Chakan has many things going in its favour. About 30 kms from Pune, the cluster is also well connected to Mumbai and Nashik, thus giving it an enviable geographical advantage. It has about 100 large-sized units, 150 mid-sized companies and 7,000 small and medium enterprises (SMEs). Considering its size, a combined turnover of Rs.100,000 crore employing over 300,000 people, Chakan has huge economic implications for the region. Home to automotive OEMs such as utility major Mahindra & Mahindra, Bajaj Auto, Mercedes-Benz, General Motors, Jaguar Land Rover and Volkswagen, the cluster also doubles up as a strong ancillary hub. Bosch, Lumax Industries, the Minda Group, the Varroc Group, Endurance Technologies and Autoline Industries are some of the auto ancillary companies that have a presence in Chakan.
Having the big guys around has proven to be a boon for SMEs in more ways than one. Not only are they forging long-term partnerships with the best names in the automotive industry, but also imbibing their best practices when it comes to manufacturing. “We have learnt a lot from our parent company in terms of production techniques. We have improved our processes and reduced the inventory cycle, thus bringing down our costs. Today, in fact, the situation is such that when our Indian employees go to Italy they are able to suggest a change or two,” says Kamal Wadhwa, executive director at Dell’orto India, which is the local venture of Italian firm Dell’orto that specialises in manufacturing carburettors.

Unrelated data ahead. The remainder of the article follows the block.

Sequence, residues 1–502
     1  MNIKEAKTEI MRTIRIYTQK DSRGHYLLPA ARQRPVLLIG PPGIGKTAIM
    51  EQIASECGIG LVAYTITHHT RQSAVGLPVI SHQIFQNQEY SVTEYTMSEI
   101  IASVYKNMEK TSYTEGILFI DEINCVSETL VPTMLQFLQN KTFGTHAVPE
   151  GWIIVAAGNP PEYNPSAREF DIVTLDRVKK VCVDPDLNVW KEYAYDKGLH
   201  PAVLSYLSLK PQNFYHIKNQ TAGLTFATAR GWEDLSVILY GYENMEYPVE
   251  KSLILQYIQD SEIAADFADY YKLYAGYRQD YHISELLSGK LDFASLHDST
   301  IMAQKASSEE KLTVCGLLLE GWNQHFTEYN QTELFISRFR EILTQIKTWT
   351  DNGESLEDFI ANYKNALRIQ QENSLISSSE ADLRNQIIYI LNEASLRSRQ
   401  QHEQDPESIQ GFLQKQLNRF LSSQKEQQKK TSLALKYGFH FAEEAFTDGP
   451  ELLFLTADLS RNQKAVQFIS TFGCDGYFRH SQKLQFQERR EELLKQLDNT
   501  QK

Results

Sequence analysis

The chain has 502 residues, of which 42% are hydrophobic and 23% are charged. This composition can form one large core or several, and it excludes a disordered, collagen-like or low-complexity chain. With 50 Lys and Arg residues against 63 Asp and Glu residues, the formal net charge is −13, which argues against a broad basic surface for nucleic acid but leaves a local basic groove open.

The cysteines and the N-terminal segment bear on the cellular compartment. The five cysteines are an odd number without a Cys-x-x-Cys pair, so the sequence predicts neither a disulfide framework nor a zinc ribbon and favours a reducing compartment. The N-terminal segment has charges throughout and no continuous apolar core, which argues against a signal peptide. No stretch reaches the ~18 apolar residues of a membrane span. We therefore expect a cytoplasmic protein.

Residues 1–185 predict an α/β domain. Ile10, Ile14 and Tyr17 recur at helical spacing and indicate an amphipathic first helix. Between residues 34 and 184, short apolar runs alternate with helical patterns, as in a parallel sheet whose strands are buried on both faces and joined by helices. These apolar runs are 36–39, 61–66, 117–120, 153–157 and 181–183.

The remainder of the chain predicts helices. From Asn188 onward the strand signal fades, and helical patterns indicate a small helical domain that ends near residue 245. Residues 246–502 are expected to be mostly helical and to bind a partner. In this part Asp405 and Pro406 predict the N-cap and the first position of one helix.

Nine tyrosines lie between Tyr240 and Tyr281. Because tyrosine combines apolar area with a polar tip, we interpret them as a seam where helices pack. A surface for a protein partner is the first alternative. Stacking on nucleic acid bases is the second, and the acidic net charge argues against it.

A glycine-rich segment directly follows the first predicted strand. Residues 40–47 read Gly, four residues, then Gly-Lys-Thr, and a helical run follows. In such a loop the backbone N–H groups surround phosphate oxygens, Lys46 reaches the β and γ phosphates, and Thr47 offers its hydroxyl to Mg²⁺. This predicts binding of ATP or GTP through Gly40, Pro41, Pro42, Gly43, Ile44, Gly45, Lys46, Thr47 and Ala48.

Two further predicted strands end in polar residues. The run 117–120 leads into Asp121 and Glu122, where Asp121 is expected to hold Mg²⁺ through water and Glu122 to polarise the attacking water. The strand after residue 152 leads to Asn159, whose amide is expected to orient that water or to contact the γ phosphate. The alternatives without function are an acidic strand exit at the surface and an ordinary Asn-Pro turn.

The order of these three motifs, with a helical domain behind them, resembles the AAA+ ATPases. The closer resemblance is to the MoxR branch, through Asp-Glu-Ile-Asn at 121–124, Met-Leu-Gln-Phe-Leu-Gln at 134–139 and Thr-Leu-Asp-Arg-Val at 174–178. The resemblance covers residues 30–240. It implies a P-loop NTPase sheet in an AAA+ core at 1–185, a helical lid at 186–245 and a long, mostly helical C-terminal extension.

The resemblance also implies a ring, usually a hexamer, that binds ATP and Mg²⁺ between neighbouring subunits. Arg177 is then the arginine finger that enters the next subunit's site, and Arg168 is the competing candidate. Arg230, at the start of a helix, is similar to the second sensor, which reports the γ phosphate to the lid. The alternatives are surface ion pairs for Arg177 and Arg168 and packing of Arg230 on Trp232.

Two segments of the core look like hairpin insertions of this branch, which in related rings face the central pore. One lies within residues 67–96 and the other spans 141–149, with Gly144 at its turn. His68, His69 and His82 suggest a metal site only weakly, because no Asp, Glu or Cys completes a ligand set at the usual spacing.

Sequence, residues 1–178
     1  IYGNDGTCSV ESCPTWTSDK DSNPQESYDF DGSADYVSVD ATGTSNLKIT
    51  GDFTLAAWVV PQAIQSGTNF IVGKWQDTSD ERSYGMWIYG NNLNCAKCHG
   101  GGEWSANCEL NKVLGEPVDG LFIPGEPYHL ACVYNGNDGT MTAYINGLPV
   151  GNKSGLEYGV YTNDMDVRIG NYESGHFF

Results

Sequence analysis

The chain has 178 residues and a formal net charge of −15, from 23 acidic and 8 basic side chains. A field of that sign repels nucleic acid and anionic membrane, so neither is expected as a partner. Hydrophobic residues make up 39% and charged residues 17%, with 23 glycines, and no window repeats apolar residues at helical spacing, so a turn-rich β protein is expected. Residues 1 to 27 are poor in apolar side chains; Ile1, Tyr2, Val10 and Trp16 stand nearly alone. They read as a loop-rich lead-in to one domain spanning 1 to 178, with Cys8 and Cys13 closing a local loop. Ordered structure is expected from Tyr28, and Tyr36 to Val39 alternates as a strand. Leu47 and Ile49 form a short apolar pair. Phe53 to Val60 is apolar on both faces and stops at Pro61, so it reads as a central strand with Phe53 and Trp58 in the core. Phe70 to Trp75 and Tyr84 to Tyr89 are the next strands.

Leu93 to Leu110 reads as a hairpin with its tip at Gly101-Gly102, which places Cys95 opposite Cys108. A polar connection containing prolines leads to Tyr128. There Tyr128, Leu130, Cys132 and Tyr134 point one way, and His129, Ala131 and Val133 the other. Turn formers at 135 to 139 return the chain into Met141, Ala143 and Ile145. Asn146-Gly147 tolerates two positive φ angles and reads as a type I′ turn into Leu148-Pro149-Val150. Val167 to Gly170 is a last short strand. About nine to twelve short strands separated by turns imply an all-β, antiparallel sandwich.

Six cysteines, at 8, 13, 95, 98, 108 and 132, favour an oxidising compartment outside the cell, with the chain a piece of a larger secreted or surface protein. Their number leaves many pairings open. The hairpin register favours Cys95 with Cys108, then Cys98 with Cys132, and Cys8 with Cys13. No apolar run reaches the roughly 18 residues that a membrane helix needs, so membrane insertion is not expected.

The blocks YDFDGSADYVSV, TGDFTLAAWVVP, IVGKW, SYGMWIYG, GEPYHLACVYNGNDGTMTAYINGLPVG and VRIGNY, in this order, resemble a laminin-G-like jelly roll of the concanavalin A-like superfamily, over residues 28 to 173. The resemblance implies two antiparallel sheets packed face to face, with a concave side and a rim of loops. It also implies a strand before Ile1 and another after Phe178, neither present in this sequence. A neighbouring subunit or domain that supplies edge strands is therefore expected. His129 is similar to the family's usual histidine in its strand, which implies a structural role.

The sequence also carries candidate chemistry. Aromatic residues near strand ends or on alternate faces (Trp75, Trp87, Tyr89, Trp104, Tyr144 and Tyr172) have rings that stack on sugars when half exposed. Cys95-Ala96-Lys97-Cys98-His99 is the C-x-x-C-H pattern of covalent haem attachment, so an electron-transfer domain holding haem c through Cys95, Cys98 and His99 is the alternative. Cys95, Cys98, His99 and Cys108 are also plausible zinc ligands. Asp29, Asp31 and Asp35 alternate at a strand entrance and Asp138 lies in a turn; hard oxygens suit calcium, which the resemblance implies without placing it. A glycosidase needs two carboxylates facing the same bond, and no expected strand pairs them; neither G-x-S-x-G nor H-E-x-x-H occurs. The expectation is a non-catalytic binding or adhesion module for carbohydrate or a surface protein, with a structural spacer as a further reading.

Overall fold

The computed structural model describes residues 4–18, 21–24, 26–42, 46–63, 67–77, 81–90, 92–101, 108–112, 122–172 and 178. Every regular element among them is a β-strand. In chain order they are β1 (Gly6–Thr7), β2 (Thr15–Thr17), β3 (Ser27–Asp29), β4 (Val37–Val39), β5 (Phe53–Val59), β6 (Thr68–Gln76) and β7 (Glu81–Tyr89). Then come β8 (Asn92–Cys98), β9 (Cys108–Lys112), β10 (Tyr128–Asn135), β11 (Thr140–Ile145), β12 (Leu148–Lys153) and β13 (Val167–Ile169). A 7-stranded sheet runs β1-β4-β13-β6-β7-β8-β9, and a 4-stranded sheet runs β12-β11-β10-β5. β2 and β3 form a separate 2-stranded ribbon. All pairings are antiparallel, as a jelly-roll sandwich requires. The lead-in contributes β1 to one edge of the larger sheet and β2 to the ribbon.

“Any company that set up shop here would like to have their suppliers or vendors to be as efficient and productive as they are. Once that happens at a mass scale, it becomes the norm and a key advantage for the clusters such as Chakan where productivity skills are already embedded,” adds Anant Sardeshmukh, director general and member of executive board at Mahratta Chamber of Commerce Industries and Agriculture (MCCIA).